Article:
'A giant whose shoulders I stand on': The legacy of the father of environmental justice, Dr. Robert Bullard
In the 1980s, Dr. Robert Bullard and his team at Texas Southern University in Houston's Third Ward found that most of the hazardous city-owned facilities like dumps and incinerators were being disproportionately sited in historically Black and brown neighborhoods. “Black Houston has become the dumping grounds for the city’s household garbage,” he wrote in the ‘90s. The first road the city paved into Sunnyside led to the dump.
This work helped illuminate larger patterns of racist discrimination in unequal exposure to pollution and lack of access to housing, transit, food, health care and other essentials — what the writer Brentin Mock calls “all of the good stuff" that allow communities to flourish — that have deepened and entrenched inequality.
Dr. Bullard’s relentless pursuit to demonstrate the disparities in the oil and gas capital of the world led to a recognition of the field now known as environmental justice. In 2020, the man known as “the father of environmental justice” was recognized with a Lifetime Achievement Award from the United Nations Environment Programme as a “Champion of the Earth.” His work began with markers, pushpins and maps, and it’s now the bedrock of a multigenerational, multiracial movement. Here, we collect reflections from organizers, writers, allies and advocates on his impacts on their own work.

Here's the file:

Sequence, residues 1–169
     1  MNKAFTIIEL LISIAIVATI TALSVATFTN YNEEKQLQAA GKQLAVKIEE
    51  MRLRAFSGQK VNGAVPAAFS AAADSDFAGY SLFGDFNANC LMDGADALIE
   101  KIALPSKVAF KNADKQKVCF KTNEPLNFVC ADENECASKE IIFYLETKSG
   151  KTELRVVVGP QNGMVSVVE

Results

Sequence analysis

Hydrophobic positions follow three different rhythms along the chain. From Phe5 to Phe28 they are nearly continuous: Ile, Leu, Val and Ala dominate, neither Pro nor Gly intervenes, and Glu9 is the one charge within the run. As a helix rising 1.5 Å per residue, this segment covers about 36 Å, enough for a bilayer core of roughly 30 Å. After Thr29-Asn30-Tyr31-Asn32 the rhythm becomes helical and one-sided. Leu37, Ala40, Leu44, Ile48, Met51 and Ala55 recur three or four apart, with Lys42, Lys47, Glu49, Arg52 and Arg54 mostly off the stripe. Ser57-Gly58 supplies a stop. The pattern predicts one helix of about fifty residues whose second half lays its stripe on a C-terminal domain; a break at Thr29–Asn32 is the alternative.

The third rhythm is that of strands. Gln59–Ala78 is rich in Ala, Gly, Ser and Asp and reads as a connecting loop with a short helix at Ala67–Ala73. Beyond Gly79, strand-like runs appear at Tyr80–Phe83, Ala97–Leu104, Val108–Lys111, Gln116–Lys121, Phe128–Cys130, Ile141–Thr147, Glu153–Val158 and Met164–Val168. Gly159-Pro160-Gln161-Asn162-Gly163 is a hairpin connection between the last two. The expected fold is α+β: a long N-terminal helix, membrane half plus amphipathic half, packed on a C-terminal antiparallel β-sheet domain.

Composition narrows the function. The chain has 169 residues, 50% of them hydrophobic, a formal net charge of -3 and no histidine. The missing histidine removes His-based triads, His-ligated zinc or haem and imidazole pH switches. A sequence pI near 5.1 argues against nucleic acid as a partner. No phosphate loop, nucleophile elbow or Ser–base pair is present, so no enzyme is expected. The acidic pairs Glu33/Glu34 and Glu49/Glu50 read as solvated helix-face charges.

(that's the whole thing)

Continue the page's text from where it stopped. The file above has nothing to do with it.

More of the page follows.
— Allyn West
Environmental justice advocacy work can be very hard, and very discouraging, work. “Bob,” as he is known to many, approaches the work with joy, whimsy and humanity. When I think of the heart he brings to this global movement, I can’t help smiling.
But he is also steadfast in his commitment to equity, social justice and racial justice. He consistently lifts up and centers the most impacted communities. His leadership reminds us all what and who the work is really about. The best leaders know it’s not about them. They share power, grow knowledge and build movements — that’s exactly who he is. Dr. Bullard is one of those leaders who inspires you to be the best version of yourself.